Friday, October 17, 2014

Descent Cooperative Adventures - Forgotten Souls

First released in the Spring 2014 Descent Game Night Kit, this adventure introduces something that a portion of the Descent fanbase has been calling for since the release of the game, a scenario in which there is no Overlord player.

Sending your party of adventurers into a dungeon after a dragon named Tharn that is ravaging a town, you encounter passageways that try to kill you, demons trying to take the souls of villagers, and the dragon himself in a final encounter.

Lets take a look at the set and see how it adds to the Descent experience!



For me, this expansion was a godsend.  Descent 2nd is a great game, but it is not a proper RPG with a Gamemaster.  I'm going to borrow a word that has probably fallen outside its original intent, but this isn't an experience where the GM is trying to curate an experience for a group of players.  Descent 2nd's Overlord is one of two sides out to win.  Players who sit down at the table aren't always aware of this so it leads to mixed expectations and opinions of the overall game. Forgotten Souls is one of several adventures that takes away the need for an Overlord, moving their tasks to a series of cards and instructions.

To counter the fact that the dungeon is programmed, it is also very unforgiving.  Each room introduces some new peril such as draining your fatigue every turn, the need to rescue an innocent villager, or overwhelming monster odds.  Add on top of that, the players get little rest once they have completed a room card's challenge.  A peril deck and the doom track ensures that the hero players have to keep moving deeper into the dungeon or suffer further.

The hero characters aren't without their own advantages.  Every time you kill a set number of monsters (determined by the number of heroes) then the game doles out some treasure.  The players get to only keep one piece each time and decide who it goes to.  Also the heroes start with one experience point that they can choose to spend right away or save until later.  The first and second Main Encounter rooms give some experience which can be saved up and spent as the heroes need it.  The game doesn't give out the amount of experience one would see in a regular Descent 2nd campaign, but it is enough to make some great customization choices.  There are a few class cards that are functionally useless as they cause the Overlord to discard a card or some similar effect, but they are rare and don't reduce the viability of any one class.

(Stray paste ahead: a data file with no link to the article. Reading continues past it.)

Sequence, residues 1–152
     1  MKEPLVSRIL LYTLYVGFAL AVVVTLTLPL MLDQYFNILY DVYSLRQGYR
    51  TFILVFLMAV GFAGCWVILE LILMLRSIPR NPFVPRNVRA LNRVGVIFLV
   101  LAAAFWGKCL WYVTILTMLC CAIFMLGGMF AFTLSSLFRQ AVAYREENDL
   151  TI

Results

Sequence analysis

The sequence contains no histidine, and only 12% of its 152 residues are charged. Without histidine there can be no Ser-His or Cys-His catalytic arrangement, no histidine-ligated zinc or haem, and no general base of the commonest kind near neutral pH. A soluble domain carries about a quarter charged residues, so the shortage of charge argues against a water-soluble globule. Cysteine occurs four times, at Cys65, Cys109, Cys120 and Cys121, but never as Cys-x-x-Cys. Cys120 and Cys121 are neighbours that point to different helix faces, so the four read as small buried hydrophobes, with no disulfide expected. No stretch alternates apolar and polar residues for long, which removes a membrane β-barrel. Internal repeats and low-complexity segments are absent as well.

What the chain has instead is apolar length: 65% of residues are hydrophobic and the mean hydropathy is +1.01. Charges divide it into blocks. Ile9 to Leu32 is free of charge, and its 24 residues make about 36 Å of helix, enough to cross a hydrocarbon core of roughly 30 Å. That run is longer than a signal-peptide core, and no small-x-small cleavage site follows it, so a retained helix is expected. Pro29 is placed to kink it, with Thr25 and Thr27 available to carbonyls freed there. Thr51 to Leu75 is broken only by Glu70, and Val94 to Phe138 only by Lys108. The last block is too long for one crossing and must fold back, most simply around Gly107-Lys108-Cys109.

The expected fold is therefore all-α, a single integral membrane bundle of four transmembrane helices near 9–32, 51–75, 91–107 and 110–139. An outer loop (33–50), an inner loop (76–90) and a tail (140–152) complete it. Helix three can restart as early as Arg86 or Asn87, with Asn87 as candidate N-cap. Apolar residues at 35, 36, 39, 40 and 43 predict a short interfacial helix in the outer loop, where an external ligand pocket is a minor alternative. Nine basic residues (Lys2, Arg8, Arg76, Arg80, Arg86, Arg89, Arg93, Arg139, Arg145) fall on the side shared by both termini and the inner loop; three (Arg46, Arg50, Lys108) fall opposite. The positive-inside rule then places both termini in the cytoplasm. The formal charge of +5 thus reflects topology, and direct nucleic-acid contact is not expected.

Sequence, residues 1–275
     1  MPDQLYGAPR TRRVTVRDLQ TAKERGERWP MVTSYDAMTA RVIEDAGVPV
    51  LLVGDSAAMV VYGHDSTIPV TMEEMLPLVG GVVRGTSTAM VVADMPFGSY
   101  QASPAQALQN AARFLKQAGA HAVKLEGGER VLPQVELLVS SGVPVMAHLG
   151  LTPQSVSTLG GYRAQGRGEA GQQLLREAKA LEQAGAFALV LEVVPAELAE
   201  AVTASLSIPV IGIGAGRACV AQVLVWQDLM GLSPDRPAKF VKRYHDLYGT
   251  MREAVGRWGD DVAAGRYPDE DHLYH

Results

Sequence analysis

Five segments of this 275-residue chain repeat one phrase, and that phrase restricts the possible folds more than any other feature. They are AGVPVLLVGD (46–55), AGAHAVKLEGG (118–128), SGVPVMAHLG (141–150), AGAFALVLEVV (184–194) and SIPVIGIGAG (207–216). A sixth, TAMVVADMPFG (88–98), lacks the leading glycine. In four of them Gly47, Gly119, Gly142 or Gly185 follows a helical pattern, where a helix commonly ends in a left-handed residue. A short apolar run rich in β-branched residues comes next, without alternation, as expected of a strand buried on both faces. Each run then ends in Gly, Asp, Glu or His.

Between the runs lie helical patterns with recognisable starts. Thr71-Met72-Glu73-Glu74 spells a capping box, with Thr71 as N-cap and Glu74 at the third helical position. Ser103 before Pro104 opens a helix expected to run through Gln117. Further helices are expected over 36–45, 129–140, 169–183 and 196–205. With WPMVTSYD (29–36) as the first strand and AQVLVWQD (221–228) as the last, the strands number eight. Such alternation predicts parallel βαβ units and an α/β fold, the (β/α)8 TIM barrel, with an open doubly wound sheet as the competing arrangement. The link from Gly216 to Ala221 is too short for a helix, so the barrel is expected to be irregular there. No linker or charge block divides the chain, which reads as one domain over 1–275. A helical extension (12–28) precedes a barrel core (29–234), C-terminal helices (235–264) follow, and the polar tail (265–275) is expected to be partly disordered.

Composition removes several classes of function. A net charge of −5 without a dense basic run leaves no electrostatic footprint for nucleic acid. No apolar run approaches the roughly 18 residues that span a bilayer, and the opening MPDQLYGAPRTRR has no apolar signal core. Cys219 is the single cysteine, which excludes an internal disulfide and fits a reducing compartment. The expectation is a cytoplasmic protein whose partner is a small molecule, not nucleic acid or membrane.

The monsters types are set at the start of the adventure, much like how the Overlord has to pick his monster groups for each scenario.  Forgotten Souls uses Zombies, Barghests, Flesh Moulders, and Shadow Dragons as your enemies in the various rooms.  A stack of monster cards gives instructions on how to move and attack with each monster type as you play.  You just find your monster, start at the top of the list, and execute the first two actions that are applicable.

In theory the 'Overlord turn' is very simple, but I found that I really had to be familiar with all the monster keywords and possible actions before I really understood how the cards work.  We struggled with the timing of some of the events and monster actions until we went back to the base game rulebook and did some more reading.  Our other disappointment was the length of the scenario.  The game has twelve rooms, with the final room of the scenario being somewhere in the last four cards of the deck.  Just getting to the first major event room took us over two hours.  Our disappointment was with the fact that the game doesn't really have stopping points built into it.  It really has to be left out assembled and in play if you want to return to it on another evening.  (Side note: I'm looking into tuck boxes so I can put the game away between adventures. I just really wish it had the possibility for break points.)  I ran the event three times at a Game Night event and no one made it past the first Main Encounter room in less than two hours.

In the end, it is a very well done module.  It isn't a cake walk for me yet.  I've attempted it with two heroes four times, and have lost due to the doom track all four times just as I got to the first Main Encounter.  It isn't short either, though that isn't necessarily a negative, depending on your play group.  The basic mechanics of Descent 2nd Edition are fully intact here, leaving your group with a tense adventure that lets you mix up the normal play of the game.  And the best part?  Forgotten Souls only requires the base Descent 2nd Edition box.  None of the expansions are needed at all, unless you really want a specific class for your hero. What are you waiting for?  The monsters await you!

(All images used in this article are copyright Fantasy Flight Games.)

Tom Tjarks is a Fort Worth native and avid game player (PC, Console, Board Games) He has previously written for GamingTrend.com, blogs at his own personal blog, and can be found asking lots of questions about games on Boardgamegeek. He is @tntjarks on twitter, Dreamshadow on Boardgamegeek and other forums.